The lack of coverage given to Mercedes during the Japanese Grand Prix prompted questions whether Formula One Management deliberately avoided showing them for political reasons.
Lewis Hamilton dominated proceedings while Nico Rosberg moved up from fourth on lap one to finish second. However the silver cars appeared to receive minimal coverage.
Bernie Ecclestone has described Mercedes’ domination of F1 as “wrong” and urged them to supply power units to Red Bull, who have threatened to quit if they do not receive competitive engines. However Mercedes intends to supply engines to Manor instead.
Mercedes’ non-executive chairman Niki Lauda agreed the coverage of the team’s cars had been limited, but suggested there might be an innocent explanation.
“I have to find out because it was really strange to me too,” Lauda told Sky. “Even the pit stop was missed, we just saw [Hamilton] going out of the pits.”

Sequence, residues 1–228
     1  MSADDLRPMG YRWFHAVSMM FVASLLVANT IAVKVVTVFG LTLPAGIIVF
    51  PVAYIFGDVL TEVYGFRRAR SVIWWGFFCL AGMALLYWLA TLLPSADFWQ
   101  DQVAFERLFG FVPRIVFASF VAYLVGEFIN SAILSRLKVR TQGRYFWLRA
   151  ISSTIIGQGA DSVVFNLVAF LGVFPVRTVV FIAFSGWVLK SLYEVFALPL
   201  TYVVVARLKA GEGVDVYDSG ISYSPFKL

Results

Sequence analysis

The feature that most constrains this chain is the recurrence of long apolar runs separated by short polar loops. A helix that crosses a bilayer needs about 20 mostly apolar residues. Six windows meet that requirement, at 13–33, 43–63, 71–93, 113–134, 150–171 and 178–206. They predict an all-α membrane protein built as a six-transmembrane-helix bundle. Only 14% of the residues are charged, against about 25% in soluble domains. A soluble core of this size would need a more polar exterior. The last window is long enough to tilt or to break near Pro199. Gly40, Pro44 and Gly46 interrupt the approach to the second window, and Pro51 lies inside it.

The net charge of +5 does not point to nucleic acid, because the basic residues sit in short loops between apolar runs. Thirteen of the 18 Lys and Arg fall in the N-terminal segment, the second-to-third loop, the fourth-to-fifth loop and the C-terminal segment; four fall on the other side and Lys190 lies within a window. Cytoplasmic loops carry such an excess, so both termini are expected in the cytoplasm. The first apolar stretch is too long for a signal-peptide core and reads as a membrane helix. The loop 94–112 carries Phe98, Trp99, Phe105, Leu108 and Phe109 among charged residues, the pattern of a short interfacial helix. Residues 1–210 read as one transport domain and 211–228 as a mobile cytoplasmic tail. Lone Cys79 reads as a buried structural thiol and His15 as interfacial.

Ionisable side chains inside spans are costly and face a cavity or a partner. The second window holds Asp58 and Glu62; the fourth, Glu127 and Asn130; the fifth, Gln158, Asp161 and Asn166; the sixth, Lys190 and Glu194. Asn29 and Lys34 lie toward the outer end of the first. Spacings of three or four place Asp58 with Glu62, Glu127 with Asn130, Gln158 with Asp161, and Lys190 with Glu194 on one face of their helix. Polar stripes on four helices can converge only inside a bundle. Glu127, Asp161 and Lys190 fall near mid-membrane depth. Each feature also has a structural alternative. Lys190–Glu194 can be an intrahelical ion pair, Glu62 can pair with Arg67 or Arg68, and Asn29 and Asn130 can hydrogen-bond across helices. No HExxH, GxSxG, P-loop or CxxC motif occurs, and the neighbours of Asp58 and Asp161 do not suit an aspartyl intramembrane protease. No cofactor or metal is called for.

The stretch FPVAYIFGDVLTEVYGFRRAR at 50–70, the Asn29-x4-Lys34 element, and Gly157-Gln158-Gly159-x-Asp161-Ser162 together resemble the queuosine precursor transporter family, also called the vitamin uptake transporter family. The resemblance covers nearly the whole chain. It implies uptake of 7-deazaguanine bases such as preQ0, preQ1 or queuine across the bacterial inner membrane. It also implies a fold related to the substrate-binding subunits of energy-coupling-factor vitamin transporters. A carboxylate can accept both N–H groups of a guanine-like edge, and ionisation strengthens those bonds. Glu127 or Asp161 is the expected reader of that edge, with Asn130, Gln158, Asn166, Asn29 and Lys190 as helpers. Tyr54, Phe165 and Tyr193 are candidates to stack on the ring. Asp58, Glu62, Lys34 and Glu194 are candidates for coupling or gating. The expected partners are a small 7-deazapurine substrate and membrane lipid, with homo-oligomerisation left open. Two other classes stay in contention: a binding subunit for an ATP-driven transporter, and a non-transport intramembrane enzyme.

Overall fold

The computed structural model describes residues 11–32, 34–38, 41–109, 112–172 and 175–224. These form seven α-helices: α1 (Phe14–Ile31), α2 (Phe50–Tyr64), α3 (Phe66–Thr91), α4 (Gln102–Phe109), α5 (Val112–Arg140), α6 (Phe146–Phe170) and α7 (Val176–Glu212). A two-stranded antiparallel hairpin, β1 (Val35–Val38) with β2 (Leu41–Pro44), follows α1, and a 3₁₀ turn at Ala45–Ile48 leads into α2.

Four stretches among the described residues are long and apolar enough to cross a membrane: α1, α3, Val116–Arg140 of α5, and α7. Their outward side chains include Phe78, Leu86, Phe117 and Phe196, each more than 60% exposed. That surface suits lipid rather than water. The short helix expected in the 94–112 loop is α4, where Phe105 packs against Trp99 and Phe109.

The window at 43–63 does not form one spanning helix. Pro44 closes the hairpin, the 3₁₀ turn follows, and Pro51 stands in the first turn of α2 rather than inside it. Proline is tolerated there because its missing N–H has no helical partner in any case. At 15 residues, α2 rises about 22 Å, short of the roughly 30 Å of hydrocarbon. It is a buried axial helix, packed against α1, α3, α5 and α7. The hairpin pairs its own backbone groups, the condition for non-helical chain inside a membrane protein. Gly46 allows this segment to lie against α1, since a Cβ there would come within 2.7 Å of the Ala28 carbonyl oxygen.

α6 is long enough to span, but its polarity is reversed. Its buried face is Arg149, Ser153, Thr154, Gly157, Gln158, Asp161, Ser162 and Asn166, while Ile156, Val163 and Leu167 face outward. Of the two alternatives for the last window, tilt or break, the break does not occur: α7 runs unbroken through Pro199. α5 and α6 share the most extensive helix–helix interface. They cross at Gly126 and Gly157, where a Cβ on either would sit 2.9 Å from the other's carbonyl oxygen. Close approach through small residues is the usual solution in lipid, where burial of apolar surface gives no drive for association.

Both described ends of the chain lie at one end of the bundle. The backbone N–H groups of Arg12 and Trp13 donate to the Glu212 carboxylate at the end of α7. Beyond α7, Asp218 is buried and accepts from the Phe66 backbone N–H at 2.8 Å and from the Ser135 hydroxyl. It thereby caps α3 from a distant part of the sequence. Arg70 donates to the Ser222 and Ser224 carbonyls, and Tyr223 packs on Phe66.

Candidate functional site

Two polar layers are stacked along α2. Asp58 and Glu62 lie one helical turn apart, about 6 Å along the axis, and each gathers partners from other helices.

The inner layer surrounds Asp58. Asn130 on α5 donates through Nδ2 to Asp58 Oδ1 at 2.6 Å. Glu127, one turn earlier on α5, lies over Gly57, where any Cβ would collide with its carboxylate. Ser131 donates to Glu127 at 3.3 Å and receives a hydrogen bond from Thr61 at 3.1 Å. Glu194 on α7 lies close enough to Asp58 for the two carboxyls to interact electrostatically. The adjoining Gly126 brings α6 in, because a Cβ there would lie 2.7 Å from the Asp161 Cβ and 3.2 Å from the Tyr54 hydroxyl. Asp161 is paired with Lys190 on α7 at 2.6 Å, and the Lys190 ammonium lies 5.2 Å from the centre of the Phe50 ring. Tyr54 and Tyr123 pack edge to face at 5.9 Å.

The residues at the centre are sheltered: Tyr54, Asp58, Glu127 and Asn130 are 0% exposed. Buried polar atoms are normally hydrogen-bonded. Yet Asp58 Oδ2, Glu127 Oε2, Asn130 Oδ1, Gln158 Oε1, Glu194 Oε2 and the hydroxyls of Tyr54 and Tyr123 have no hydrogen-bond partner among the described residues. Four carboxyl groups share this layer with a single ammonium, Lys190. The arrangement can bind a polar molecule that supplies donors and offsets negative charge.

“Maybe the guy who’s running the show today was replaced by somebody else who never did a grand prix transmission, I don’t know. But this we have to find out. But it’s easy, I ask Bernie and he will give me for sure an answer.”
FOM has been accused of selectively ignoring certain teams for political reasons in the past. At Bahrain in 2012 the Force India team disappeared from qualifying coverage after they had declined to take part in second practice the previous day. The team had decided to leave the track early after following an incident the previous day in which some of its personnel were caught up in a petrol bomb attack in the strife-hit country.